"[So often,] people who love each other fling themselves to each other…and they don’t notice at all what a lack of mutual esteem lies in this disordered giving of themselves…”

What I call authentic relating produces what Rilke describes as “a very great, almost unbearable happiness” that can only occur between very rich individual natures, between those who, for him- or herself, are as Rilke puts it, “richly ordered and composed.” It is they who unite “wide, deep individual worlds” and it seems that it is for this we are born.

“Like so much else, people have misunderstood the place of love in life, they have made it into play and pleasure because they thought that play and pleasure were more blissful than work; but there is nothing happier than work, and love, just because it is the extreme happiness, can be nothing else but work. So whoever loves must try to act as if he had a great work; he must be much alone and go into himself and collect himself and hold fast to himself; he must work; he must become something! … For believe me, the more one is, the richer is all that one experiences.

“Love is at first not anything that means merging, giving over, and uniting with another…it is, [at first, only] a high inducement to the individual to ripen, to become something in himself, to become world, to become world for himself for another’s sake…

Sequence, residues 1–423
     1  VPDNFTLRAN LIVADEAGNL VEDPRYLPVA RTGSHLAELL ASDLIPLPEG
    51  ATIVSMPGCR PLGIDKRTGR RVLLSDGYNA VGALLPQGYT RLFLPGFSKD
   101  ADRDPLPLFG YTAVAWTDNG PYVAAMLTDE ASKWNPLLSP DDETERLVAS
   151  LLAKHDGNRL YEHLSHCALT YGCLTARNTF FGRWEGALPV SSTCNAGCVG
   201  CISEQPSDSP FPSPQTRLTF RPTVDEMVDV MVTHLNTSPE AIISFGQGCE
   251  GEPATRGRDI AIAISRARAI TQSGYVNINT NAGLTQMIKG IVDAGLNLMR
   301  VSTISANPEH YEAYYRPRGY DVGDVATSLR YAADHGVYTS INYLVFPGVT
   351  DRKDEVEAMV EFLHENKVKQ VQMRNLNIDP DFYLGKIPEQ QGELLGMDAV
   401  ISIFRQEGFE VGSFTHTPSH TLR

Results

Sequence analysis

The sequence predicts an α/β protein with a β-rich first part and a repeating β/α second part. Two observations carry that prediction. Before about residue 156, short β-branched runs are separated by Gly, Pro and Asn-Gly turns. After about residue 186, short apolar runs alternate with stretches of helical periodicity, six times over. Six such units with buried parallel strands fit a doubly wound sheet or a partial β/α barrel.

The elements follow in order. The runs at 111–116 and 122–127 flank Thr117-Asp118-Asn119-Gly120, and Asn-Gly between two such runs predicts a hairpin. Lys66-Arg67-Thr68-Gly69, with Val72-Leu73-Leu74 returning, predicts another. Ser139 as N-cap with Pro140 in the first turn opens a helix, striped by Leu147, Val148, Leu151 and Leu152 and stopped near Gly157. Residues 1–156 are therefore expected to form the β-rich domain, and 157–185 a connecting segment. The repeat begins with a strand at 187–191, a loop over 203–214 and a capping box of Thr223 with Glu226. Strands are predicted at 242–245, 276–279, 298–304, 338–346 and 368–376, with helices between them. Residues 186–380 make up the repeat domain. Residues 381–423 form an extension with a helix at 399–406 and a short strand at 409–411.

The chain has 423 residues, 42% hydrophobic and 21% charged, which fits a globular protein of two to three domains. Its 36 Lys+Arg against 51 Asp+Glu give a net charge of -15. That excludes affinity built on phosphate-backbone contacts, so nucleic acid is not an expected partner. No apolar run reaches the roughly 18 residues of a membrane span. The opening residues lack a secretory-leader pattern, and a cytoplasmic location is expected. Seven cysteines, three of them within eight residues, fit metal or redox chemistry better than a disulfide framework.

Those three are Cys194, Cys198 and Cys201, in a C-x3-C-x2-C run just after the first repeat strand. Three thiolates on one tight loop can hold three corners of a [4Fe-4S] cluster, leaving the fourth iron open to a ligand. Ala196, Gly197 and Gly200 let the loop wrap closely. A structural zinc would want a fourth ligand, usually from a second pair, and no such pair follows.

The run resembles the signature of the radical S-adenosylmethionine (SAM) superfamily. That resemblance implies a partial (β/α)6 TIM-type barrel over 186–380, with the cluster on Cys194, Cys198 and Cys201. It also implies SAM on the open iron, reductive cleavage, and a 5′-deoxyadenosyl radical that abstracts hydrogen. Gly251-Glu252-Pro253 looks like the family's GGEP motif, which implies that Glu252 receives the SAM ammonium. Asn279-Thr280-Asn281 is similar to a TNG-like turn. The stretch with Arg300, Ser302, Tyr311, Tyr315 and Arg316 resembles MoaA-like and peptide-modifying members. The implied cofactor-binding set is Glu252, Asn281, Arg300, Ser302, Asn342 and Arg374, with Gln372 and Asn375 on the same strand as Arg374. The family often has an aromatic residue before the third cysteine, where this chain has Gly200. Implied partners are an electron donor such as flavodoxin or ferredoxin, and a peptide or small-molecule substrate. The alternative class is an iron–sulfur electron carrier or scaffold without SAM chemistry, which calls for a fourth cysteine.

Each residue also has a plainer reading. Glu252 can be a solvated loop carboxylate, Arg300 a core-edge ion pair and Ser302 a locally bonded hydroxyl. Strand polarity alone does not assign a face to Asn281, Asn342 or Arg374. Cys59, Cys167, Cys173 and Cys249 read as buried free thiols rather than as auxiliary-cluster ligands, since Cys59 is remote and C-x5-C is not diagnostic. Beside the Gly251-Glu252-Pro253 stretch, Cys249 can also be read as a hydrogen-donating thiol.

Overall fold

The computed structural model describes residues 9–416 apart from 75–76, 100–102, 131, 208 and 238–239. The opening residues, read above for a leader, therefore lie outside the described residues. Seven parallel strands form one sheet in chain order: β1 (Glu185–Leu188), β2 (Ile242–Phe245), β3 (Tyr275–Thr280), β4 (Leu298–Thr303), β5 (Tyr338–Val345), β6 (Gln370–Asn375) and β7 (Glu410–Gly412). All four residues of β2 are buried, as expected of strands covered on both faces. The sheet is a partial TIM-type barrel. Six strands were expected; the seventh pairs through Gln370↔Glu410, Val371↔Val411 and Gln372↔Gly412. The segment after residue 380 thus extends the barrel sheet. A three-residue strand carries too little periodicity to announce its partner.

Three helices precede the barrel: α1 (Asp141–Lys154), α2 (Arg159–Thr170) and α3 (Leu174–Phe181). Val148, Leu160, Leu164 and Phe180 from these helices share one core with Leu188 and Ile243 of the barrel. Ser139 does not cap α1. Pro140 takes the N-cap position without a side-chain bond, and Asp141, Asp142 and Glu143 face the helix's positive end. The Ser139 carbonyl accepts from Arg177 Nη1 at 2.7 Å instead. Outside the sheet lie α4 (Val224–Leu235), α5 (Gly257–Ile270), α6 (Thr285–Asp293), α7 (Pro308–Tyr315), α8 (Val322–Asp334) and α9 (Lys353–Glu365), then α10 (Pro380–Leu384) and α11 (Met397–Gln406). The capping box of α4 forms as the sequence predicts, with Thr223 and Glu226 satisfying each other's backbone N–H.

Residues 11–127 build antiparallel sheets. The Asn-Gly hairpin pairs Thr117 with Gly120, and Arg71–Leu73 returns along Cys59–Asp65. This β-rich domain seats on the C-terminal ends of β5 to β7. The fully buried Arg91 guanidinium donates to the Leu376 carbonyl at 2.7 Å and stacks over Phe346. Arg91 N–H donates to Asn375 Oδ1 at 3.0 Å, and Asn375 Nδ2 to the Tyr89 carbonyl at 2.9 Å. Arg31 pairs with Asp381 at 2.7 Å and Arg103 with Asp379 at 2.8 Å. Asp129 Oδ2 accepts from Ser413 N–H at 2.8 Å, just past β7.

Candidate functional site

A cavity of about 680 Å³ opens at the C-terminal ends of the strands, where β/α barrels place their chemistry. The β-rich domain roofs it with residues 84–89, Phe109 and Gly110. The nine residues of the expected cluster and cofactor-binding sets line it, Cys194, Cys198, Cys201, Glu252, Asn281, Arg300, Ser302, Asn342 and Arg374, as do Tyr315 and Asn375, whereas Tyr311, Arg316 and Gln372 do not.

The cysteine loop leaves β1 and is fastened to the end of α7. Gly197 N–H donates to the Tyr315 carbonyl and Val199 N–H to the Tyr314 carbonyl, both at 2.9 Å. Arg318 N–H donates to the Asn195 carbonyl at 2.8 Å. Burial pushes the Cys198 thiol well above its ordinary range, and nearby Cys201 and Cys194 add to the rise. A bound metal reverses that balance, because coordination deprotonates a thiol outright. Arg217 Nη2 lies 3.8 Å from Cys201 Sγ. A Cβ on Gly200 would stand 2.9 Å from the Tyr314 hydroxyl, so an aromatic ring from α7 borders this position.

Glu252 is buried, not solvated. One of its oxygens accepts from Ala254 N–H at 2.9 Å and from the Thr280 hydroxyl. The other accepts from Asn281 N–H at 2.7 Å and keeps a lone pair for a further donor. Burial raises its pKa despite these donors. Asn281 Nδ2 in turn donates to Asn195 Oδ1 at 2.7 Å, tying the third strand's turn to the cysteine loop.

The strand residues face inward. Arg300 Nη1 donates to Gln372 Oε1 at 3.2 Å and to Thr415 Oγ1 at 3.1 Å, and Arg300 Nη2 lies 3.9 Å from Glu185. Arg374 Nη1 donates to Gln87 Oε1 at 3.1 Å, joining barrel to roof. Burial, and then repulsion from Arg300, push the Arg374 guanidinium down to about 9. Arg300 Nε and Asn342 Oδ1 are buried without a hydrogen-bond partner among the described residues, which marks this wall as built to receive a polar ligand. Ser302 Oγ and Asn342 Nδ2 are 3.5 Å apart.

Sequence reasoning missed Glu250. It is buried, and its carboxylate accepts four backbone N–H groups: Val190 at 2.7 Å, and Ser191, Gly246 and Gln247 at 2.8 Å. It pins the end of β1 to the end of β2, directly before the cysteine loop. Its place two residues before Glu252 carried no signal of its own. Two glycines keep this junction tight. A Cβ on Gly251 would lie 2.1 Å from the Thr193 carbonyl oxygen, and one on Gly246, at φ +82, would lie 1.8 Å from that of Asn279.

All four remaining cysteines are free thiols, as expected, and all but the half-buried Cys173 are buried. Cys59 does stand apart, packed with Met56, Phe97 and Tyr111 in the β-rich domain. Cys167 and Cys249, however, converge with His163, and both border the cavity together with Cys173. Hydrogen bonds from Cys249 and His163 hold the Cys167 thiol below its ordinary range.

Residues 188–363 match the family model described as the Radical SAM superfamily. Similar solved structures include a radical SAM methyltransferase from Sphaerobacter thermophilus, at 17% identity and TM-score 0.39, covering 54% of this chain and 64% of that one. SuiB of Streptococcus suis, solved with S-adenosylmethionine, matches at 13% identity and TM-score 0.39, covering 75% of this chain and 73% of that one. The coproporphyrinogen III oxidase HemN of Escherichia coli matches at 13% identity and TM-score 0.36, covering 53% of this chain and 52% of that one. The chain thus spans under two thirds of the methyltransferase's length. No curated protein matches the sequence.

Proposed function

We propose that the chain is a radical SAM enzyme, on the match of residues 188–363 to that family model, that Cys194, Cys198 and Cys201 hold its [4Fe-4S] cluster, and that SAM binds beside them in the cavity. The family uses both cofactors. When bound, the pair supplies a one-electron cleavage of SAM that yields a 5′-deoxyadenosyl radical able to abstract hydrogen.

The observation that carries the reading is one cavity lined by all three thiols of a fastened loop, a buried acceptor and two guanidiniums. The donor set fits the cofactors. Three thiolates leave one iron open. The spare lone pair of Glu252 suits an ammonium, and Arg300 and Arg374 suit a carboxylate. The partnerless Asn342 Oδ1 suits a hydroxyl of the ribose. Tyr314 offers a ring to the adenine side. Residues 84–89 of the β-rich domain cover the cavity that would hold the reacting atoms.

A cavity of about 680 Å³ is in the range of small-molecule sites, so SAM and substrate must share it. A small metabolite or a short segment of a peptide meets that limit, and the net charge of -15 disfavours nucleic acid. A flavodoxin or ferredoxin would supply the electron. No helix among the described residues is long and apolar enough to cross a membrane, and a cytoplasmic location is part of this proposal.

“The demands which the difficult work of love makes upon our development are more than life-size…but if we….take this love upon us as [an] apprenticeship, instead of losing ourselves in all the light and frivolous play, behind which people have hidden from the most earnest earnestness of their existence—then a little progress and an alleviation will perhaps be perceptible to those who come long after us; that would be much.”

In my communities of practice, we gather to become more fully, more deeply, more vastly ourselves…for ourselves, for each other, and for all. Our practice exploring and communing with our so-called Higher Self is, indeed, our highest expression of love.

Photo Copyright : Olivér Svéd